I've been working on an elementary proof of the fundamental theorem of algebra, which doesn't even require calculus. The most advanced concepts are that of minima/maxima. I don't see this proof anywhere in the literature, so I suspect there might be a flaw or a jump in logic which requires more complicated theorems in order to justify, but I don't necessarily see what it would be. Here is what I have, I'd appreciate any comments on whether it's effective and/or what it needs.

Let be a non-constant polynomial. The first thing we need to establish is that |f| attains an absolute minimum somewhere on the complex plane (some functions, for example |e^z|, do not).

For any positive real A, the following fact holds: for some positive R. So it is possible to find a finite region D of the complex plain in which |f| attains some values that will be be lesser than any value |f| attains outside of D. Being a finite region, D contains an absolute minimum for |f|. Therefore, |f| attains an absolute minimum.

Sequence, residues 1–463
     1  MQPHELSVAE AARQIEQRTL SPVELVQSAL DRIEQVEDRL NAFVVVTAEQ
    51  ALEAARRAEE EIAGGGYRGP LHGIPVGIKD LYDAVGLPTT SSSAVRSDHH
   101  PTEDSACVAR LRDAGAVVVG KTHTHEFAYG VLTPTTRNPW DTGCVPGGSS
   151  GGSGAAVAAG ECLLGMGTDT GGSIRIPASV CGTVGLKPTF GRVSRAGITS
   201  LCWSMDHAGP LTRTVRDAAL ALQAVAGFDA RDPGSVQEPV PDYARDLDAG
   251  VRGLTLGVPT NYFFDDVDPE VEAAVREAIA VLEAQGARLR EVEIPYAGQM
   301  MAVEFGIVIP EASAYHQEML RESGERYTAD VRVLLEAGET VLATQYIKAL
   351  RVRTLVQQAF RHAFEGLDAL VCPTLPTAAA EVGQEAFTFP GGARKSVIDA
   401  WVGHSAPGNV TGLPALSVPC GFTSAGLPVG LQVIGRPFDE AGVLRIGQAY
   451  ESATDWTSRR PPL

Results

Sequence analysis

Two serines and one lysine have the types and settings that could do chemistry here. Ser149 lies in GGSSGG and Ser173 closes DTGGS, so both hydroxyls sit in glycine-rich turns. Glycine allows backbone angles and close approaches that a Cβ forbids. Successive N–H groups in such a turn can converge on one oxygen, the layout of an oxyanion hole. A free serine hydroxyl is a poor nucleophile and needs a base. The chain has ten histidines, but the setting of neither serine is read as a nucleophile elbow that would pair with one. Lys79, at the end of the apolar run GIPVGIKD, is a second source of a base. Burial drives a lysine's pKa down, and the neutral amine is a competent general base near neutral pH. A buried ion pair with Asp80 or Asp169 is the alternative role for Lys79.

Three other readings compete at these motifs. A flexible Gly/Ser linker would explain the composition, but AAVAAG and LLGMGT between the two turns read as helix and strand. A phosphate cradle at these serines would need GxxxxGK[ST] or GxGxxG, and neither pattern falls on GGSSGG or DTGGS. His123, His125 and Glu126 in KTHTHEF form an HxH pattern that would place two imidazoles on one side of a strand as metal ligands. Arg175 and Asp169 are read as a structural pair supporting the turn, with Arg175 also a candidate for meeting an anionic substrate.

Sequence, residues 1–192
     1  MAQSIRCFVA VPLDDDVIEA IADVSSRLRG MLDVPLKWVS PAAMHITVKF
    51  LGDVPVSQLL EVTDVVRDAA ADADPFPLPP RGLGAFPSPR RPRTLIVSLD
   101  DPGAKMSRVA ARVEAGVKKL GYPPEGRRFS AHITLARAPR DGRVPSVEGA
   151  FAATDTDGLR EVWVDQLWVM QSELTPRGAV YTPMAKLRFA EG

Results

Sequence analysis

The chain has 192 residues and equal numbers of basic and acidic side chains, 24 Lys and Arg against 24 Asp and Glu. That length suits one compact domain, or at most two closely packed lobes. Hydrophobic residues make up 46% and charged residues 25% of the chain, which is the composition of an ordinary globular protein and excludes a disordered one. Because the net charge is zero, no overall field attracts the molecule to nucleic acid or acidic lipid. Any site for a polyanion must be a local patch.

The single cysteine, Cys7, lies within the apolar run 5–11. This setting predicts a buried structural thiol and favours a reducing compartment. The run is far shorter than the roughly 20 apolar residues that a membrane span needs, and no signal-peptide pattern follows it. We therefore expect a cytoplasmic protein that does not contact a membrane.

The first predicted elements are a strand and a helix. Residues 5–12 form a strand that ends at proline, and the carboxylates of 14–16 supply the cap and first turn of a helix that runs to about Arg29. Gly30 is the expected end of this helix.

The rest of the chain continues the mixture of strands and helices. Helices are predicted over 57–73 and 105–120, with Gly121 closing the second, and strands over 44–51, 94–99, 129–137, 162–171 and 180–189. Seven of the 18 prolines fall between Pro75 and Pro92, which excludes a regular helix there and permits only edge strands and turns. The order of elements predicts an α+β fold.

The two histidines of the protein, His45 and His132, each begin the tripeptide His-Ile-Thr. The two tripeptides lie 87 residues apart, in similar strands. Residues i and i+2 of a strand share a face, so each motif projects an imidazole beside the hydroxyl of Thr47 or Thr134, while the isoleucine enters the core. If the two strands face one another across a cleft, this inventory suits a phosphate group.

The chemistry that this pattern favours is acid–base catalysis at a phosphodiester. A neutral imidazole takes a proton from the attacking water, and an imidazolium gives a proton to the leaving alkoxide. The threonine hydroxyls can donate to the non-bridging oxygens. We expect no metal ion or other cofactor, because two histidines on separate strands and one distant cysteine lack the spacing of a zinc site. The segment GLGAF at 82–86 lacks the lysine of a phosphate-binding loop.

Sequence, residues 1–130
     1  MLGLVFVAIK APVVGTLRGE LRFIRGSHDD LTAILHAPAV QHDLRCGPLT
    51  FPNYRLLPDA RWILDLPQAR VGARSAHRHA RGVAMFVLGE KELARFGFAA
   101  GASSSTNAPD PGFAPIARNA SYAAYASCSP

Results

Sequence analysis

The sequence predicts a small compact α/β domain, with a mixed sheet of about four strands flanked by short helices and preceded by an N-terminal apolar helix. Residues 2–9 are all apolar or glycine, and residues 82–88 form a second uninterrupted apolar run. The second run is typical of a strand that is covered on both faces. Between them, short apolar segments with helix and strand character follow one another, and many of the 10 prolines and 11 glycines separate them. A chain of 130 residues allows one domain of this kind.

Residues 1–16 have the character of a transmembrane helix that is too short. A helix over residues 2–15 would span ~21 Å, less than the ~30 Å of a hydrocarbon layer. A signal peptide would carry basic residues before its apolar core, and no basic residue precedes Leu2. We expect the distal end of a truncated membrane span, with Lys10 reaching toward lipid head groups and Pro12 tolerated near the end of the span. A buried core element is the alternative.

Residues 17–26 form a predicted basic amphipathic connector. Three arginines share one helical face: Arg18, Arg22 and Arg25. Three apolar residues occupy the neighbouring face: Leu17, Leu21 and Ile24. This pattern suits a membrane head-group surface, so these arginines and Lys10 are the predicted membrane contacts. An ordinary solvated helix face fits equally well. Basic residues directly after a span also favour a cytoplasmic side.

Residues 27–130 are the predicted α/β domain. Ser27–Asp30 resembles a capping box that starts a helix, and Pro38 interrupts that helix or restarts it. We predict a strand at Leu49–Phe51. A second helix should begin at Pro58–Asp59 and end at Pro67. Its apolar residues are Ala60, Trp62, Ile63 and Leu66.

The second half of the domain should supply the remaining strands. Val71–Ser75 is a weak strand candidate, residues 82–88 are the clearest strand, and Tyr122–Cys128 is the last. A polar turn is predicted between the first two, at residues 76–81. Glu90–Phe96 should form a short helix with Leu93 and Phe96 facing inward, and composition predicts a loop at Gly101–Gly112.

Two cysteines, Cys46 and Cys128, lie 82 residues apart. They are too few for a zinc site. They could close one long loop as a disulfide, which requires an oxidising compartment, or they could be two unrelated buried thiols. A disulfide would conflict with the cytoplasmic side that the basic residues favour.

Suppose that f has no roots. Then |f| attains a non-zero absolute minimum somewhere on the complex plane. If there are multiple points at which this minimum is attained, choose 1 such point. Call it (a,b) (meaning that (f(a) = b.)

For simplicity: let . g(z) is a polynomial such that its absolute value attains an absolute minimum at (0,1). Therefore, for all z.

Let be the coefficient of z in the expansion of g. Suppose that is non-zero. Then, for sufficiently small positive , it is clear that . In particular, if is the coefficient of z^n in g, this inequality will hold if is less than .

But if |g| is less than 1, this contradicts the fact that for all complex numbers. Therefore, the coefficient of z in the expansion of g must in fact be 0.

A similar argument can be used to show that if is nonzero, a number x can be constructed such that |g(x)| < 1. To generalize, let be the lowest-power nonzero coefficient in g, and let n be its power. For sufficiently small , . (Note that ^(1/n) has n values. Any one of them can be chosen with the same consequence.)

Therefore, we must conclude that all the coefficients of g are zero except the constant term. But if g is constant, then f is constant. So the only polynomial who's absolute value can attain [an absolute minimum which is greater than zero] is a constant polynomial.

Edit - I just realized that my notation for f and g inconsistently switch between x and z, because I didn't write it all at once in this forum. It is fixed now, sorry for the confusion.